For decades, until country’s star-making, gate-keeping, make-or-break barn dance and radio show, the Grand Ole Opry, moved out of the Ryman Auditorium in Nashville (the ‘Mother Church of Country Music’) in 1974, performers looked up and saw a long wooden marker, fixed to the balcony, that said ‘Confederate Gallery’. The music sprang from the shared culture of poor whites and blacks in the South, but for decades the only African-American performer to appear on the Opry was DeFord Bailey, a harmonica virtuoso. Introduced on stage as ‘our little mascot’, Bailey was an Opry star for 15 years, until 1941, when he was quietly fired – and Burns doesn’t gloss over the story. ‘They turned me loose,’ he quotes Bailey saying, ‘to root hog, or die. They didn’t give a hoot which way I went.’ (Burns gives even this a rosy tint: Bailey ‘set up a successful shoeshine parlour in his house, and then expanded it to a thriving storefront in downtown Nashville’.) But the focus on individual triumphs and tragedies comes at the cost of addressing systemic abuses and failures. One of the notable things about Bailey, whose race was not advertised on the Opry, is that, for all his musical talent, he was the exception that proved a rule: black folks were all right, in their place, just so long as that place was out of sight, at the back of the line. Burns also features Charley Pride: the first black regular of ‘Grand Ole Opry since DeFord Bailey decades earlier, the first black artist to have a number one country record and the first artist of any colour to win the Country Music Association’s Male Vocalist Award two years in a row.’ But that’s not quite the same as noting that it wasn’t until 1967 – 42 years after the Opry’s founding – that a black voice was allowed on the programme.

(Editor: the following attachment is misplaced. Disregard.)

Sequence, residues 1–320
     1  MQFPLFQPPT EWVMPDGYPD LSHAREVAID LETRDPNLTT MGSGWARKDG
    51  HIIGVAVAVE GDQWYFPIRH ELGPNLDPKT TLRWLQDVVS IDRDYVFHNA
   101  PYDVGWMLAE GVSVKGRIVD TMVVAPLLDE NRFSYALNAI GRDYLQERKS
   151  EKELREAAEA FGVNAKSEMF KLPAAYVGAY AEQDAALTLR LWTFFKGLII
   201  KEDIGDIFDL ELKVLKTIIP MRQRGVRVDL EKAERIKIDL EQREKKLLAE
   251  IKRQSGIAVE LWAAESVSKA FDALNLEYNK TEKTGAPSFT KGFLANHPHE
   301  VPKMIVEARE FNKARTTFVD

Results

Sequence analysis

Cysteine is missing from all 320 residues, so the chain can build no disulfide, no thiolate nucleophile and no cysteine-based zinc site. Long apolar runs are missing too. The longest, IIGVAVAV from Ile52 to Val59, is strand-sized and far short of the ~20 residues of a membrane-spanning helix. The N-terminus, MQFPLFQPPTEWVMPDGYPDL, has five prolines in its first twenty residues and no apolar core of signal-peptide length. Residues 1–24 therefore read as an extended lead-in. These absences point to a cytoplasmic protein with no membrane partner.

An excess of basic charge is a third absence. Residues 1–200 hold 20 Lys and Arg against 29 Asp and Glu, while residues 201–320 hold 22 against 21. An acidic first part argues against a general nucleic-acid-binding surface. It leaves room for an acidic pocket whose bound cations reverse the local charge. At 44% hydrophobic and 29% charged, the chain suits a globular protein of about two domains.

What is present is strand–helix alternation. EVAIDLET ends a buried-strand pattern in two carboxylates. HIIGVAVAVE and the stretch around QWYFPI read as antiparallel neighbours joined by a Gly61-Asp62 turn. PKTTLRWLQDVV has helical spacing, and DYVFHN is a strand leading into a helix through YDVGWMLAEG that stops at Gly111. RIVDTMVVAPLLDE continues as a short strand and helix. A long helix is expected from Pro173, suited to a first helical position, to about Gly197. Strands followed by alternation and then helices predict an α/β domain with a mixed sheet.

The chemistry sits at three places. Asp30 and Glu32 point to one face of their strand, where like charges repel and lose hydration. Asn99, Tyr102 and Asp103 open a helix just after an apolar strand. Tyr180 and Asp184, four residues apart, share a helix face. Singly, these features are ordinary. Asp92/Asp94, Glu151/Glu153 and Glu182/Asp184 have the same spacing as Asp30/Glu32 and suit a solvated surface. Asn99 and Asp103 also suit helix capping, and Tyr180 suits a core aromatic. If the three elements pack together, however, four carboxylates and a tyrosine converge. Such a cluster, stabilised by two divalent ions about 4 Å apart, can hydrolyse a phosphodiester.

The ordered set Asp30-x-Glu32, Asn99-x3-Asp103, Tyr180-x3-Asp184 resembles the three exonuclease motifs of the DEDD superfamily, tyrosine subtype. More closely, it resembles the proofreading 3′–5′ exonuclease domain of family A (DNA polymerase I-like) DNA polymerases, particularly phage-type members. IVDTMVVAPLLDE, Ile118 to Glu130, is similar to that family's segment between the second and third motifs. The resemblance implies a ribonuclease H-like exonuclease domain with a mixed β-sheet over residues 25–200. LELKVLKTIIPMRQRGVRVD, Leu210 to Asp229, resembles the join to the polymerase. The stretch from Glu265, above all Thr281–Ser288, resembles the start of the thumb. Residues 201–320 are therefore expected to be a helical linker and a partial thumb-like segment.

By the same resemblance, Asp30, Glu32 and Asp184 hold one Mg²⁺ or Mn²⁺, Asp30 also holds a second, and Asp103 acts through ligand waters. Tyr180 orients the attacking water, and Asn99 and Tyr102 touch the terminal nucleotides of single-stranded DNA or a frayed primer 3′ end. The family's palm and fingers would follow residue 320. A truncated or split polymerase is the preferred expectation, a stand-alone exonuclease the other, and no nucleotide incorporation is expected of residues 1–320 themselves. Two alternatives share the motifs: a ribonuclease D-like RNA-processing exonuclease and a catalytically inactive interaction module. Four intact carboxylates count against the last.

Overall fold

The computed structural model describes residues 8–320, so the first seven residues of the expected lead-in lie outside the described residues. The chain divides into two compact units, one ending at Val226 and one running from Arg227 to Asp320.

Think what you will of the Nashville establishment – and plenty of great artists, like Merle Haggard and Willie Nelson, didn’t think highly of it at all – it was Northern industry that caused Southern music to be segregated to such an extent in the first place. The process started in 1923, when Northern scouts such as Ralph Peer (who found Fiddlin’ John Carson) turned their gaze to Southern cities in search of raw talent. ‘Country’ at the time was just string-band music: songs played on violins, guitars and banjos. It didn’t have a name yet and, even in the South’s most segregated pockets, it didn’t always respect racial boundaries. It was a steam valve; a bit of grease in the gears. But record companies needed to market the music, and the paradigm they had to work with was ethnic. ‘We put out German records, Swedish records and what have you,’ Peer said. ‘And when the hillbilly came along and I quickly saw the analogy … I gave that a separate number series almost immediately.’ The companies auditioned several names for their new series: ‘Old Southern Tunes’, ‘Old Familiar Tunes’, ‘Old Time Tunes’ – like Benjamin Button, the music was old in its infancy – before they settled on ‘Hillbilly Music’, which eventually morphed into ‘Country’ and ‘Country and Western’.
But the category wasn’t as catch-all as all that, because the ‘race records’ series, for African-American artists and audiences, had come along a few years earlier. What was a record executive to do now with string-band music made by black musicians? DeFord Bailey had called it ‘black hillbilly music’, but it couldn’t be hillbilly music, because, by definition, the ethnic category for hillbilly was ‘white’. It couldn’t be race music, either, since it sounded like something that could have been made by a hillbilly band. A certain amount of confusion ensued: in 1927, when the producer Frank Walker put out a blues song by a white duo called the Allen Brothers on Columbia’s race records series, the Allens threatened to sue. ‘It would have hurt us in getting dates,’ Lee Allen said, ‘if people who didn’t know us thought we were black.’ When the dust settled, the lines were in place. Black artists made blues records and gospel records; white artists had more latitude, as long as the taxonomies were observed; and the black string bands withered, and went unrecorded, until they barely existed at all.